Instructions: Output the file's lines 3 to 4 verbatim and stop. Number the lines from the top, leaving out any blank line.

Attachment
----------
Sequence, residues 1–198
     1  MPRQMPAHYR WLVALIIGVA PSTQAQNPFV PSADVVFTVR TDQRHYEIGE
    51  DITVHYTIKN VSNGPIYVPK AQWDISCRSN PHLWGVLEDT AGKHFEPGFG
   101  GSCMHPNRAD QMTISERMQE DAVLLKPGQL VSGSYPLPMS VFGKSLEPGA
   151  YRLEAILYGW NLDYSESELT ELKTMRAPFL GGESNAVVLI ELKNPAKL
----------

    51  DITVHYTIKN VSNGPIYVPK AQWDISCRSN PHLWGVLEDT AGKHFEPGFG
   101  GSCMHPNRAD QMTISERMQE DAVLLKPGQL VSGSYPLPMS VFGKSLEPGA